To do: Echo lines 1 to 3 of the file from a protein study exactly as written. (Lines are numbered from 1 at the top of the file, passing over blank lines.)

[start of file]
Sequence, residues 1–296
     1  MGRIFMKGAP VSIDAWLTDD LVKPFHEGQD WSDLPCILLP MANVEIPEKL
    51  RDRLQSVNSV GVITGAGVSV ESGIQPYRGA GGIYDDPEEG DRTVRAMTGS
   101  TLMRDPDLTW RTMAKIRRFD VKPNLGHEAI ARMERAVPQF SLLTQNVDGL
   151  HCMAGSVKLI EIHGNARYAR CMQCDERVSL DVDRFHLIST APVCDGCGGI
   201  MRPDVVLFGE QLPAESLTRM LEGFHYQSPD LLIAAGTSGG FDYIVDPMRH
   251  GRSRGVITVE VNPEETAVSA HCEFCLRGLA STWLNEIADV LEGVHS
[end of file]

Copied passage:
Sequence, residues 1–296
     1  MGRIFMKGAP VSIDAWLTDD LVKPFHEGQD WSDLPCILLP MANVEIPEKL
    51  RDRLQSVNSV GVITGAGVSV ESGIQPYRGA GGIYDDPEEG DRTVRAMTGS